Category Archives: psychology
Feminists hate men?
Some people think so.
But a University of Houston study found that feminists like men more than non-feminists do.
That was true regardless of gender. Feminist men and women felt less hostility toward men than non-feminists of either sex did.
Maybe it’s not so surprising. Read the rest of this entry
I know women find fit men sexy, but I believe that is the wrong word in a way. If a woman can’t cum from just looking at the male body, then I don’t see that as sexy. Sexy to me means you’re deserving of someone’s desire or orgasm. Most guys are oblivious to the fact that most girls don’t get that aroused from looking at their abs, muscles and penis.
Be careful what you wish for. Read the rest of this entry
How could it be that a smart, worldly journalist knew so little about sexual assault?
When Alyssa Rosenberg of the Washington Post reviewed Jon Krakauer’s new book, Missoula: Rape and the Justice System in a College Town, she wondered why men are so often surprised by the trauma of rape, and the difficulties victims face gaining justice.
Why, she wondered, did it take a personal experience of a young friend he was close to for him to “get it”? Read the rest of this entry
Women do find men sexy. But we don’t objectify and fetishize their body parts. Not too many of us, anyway.
And so Playgirl goes bankrupt while a plethora of “girlie” magazines thrive.
Yet in some places women’s bodies aren’t fetishized, either. Like in tribal societies where women walk around wearing the equivalent of a G-string. And no one cares.
That clues us in to why male body parts aren’t fetishized. Read the rest of this entry
Elizabeth Hall Magill @ Yo Mama has asked the same question. And she wonders how women can better appreciate the male form, without objectifying them. Here’s an excerpt from one of her posts (with permission).
So—where does that leave a woman’s gaze? Read the rest of this entry
First, the problem: Imagine watching the Bikini Open “in reverse” so that women are fully clothed while men wear revealing Speedos. What about nearly nude men dancing on platforms? Or a camera focused on a man’s butt as he walks by. All this may look sexy. But women may well see it all as “gay.” Read the rest of this entry
By Eric U
As a man I was once oblivious to my image, as if it didn’t matter. When viewing porn or having sex it was all about how the woman looked and whether I was giving her pleasure.
But then I started working out, in part, to be seen as sexy, to make women stop and stare and talk to me.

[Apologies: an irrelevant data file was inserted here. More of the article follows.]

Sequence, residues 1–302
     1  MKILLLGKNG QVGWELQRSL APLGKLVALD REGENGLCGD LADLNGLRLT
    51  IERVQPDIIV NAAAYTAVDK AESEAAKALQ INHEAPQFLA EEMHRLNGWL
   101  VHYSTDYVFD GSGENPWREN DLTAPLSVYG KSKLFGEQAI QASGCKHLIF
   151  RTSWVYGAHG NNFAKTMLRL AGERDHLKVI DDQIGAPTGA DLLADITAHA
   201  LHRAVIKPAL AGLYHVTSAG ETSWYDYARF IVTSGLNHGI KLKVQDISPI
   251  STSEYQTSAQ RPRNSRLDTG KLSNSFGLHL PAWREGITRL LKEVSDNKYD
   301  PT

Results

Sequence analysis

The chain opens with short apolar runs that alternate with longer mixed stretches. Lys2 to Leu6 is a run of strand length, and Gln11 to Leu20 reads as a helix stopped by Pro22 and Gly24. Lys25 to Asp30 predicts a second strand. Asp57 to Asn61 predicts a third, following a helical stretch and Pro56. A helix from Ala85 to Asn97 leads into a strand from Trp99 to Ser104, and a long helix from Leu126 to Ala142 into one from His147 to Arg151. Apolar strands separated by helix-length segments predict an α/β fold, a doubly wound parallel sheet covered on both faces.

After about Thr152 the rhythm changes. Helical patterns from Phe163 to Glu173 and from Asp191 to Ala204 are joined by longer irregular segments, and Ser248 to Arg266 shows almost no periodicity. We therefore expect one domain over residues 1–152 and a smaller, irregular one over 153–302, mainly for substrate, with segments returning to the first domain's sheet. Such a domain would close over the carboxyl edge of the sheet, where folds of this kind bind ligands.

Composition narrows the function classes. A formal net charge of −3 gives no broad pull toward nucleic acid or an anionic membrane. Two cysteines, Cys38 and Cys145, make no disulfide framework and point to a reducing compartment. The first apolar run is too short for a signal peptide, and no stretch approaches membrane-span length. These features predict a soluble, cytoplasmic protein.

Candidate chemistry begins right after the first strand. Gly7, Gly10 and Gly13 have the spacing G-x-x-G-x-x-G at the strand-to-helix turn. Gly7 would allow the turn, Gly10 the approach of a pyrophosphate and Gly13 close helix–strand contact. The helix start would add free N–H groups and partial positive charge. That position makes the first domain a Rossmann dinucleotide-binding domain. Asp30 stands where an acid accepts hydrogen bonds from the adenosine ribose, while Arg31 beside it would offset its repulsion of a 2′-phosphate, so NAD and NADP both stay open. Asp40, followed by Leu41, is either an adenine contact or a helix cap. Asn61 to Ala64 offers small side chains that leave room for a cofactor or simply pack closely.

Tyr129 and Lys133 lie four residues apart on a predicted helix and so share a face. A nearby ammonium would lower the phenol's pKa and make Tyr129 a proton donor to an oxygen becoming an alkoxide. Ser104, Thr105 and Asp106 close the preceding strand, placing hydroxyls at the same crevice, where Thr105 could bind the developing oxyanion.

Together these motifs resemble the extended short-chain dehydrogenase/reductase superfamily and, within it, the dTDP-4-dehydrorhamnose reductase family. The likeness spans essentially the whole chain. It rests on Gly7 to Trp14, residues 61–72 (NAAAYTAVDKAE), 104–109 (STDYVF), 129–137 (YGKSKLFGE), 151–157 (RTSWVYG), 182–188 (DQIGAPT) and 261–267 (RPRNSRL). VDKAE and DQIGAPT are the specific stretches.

I did attain the sexy, fit look, with abs and muscles. But women never came “hootin and hollerin.”
So I started searching for what turns women on. Everything said they liked “broad shoulders, forearms, back muscles.” Yet it wasn’t working.
Nothing about me matters — except how I look.
I’m plus size.
I have big boobs and a tummy, thunder thighs and a humongous ass. Seats are almost always too small for my butt.
Still, I do yoga and sports. I like doing my hair and makeup and being flirty. Or doing dirty work or drinking disgusting beer. I also love kids. My friends would call me a sweetheart, a completely honest and wholesome friend.
But few try to get to know the real me. Read the rest of this entry
Evolutionary psychology says the sexual double standard dwells within our genes: men are naturally polygamous and women are naturally monogamous.
It can’t be helped.
Unfortunately, the theory harms women’s sexuality. And unnecessarily, because the theory has some problems. Read the rest of this entry
Bruce Jenner is the most high-profile transgender person to come out of the closet.
And people seem fairly accepting of the transition so far. But transgender folk face hate crimes at astonishing rates, says Nick Kristof at the New York Times. He points out:
So far this year at least three transgender people have been reported murdered in the United States. The Human Rights Campaign issued a report the other day listing 13 transgender women murdered in 2014: They were shot, strangled, burned and beaten.
Bullies project their own shame onto others. And then they beat the crap out of what they hate inside themselves. Sometimes verbally, and sometimes physically.
What is it about transgendered-ness that cues insecurity? Read the rest of this entry